Although late treatment effects can be anticipated in many cases on the basis of therapeutic exposures, the risk to an individual patient is modified by multiple factors. The patient with cancer may present with premorbid health conditions that influence tolerance to therapy and increase the risk of treatment-related toxicity. Cancer-related factors, including histology, tumor site, and tumor biology and/or response, often dictate treatment modality and intensity. Patient-related factors, such as age at diagnosis and sex, may affect the risk of several treatment-related complications. Sociodemographic factors, such as household income, educational attainment, and socioeconomic status, often influence access to health insurance, remedial services, and appropriate risk-based health care. Organ senescence in aging survivors may accelerate presentation of age-related health conditions in survivors with subclinical organ injury or dysfunction resulting from cancer treatment. Genetic or familial characteristics may also enhance susceptibility to treatment-related complications. Problems experienced during and after treatment may further increase morbidity. Health behaviors, including tobacco and alcohol use, sun exposure, and dietary and exercise habits, may increase the risk of specific therapy-related complications. The COG LTFU Guidelines can assist the physician in maintaining a balance between overscreening (which could potentially cause undue fear of unlikely but remotely plausible complications as well as higher medical costs resulting from unnecessary screening) and underscreening (which could miss potentially life-threatening complications, thus resulting in lost opportunities for early intervention that could minimize morbidity).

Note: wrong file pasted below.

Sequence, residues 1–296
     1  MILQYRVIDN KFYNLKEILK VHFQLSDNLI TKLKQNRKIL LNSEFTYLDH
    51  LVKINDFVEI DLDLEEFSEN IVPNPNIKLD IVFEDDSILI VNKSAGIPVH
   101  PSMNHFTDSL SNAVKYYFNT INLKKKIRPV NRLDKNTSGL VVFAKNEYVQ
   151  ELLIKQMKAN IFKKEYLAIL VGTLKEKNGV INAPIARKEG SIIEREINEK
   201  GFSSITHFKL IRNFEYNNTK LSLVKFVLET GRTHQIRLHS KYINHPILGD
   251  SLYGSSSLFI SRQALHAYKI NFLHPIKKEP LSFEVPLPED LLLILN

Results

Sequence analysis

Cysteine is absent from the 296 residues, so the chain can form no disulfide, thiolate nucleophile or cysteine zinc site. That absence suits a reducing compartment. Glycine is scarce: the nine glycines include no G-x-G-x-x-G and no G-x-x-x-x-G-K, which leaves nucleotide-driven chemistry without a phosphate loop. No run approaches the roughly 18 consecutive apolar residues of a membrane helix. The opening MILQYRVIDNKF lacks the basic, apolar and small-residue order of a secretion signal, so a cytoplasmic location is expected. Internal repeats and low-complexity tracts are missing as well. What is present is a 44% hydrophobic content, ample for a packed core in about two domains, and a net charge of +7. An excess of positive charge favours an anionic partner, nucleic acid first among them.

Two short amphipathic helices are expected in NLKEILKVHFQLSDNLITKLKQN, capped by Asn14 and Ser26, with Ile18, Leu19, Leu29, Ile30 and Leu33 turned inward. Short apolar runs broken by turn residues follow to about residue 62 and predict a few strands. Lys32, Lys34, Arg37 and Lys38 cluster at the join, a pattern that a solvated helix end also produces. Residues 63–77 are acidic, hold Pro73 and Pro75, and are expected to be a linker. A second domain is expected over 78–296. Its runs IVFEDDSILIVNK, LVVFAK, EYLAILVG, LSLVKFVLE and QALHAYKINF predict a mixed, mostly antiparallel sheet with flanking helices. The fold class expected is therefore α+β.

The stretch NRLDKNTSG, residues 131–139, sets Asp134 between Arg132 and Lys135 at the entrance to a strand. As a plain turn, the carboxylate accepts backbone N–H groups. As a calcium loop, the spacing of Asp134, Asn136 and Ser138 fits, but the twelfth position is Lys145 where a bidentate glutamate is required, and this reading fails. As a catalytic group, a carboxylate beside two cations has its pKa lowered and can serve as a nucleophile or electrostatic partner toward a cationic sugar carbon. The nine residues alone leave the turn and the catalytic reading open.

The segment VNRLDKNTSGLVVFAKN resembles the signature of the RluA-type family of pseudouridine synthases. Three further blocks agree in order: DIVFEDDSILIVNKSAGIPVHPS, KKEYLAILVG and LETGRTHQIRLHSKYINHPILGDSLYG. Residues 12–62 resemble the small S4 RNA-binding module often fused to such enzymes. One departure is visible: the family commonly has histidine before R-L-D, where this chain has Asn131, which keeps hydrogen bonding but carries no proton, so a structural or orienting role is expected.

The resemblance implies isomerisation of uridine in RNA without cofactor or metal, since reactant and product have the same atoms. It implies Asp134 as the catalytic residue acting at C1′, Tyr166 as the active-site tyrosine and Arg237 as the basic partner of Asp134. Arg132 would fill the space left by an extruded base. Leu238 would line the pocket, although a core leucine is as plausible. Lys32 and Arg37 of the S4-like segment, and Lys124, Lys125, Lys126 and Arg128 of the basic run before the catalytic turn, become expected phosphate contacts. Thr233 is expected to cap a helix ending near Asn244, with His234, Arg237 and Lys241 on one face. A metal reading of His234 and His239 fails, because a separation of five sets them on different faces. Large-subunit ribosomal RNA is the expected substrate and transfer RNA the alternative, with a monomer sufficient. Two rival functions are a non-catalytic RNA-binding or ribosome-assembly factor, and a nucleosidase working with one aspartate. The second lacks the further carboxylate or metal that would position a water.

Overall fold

The follow-up evaluations of childhood, adolescent, and young adult cancer survivors should be individualized on the basis of their treatment history and may include screening for such potential complications as thyroid or cardiac dysfunction, second malignant neoplasms, neurocognitive difficulties, and many others.13  In addition, providers should be mindful of the psychosocial late effects experienced by youth treated for cancer, particularly those that may affect educational and vocational progress, because provider advocacy and intervention can facilitate survivor access to remedial resources and programs in 504 and individual education plans and vocational training.18  Likewise, because emotional health and family functioning may be affected by the cancer experience, proactive assessment of and referral to mental health services are important to optimize the quality of survivorship. Finally, personalized risk assessment would not be complete without consideration of socioeconomic and community factors that may affect access to survivorship resources and health care.